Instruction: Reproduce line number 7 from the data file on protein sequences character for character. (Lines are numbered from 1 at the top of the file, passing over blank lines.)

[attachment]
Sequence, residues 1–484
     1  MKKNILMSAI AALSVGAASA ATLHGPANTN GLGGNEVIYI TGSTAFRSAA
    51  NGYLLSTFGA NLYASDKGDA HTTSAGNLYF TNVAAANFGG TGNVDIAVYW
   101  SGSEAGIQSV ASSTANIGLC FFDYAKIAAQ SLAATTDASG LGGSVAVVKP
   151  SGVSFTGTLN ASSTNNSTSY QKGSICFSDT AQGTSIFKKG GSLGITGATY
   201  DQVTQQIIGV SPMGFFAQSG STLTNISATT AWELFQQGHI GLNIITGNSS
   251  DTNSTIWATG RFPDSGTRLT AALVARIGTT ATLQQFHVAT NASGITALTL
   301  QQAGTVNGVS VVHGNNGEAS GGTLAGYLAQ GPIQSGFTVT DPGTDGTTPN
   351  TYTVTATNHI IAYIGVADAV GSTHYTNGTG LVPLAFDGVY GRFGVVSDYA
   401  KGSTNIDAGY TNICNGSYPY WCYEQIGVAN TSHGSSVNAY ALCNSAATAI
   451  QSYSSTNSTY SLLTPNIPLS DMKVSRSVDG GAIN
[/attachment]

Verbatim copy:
   251  DTNSTIWATG RFPDSGTRLT AALVARIGTT ATLQQFHVAT NASGITALTL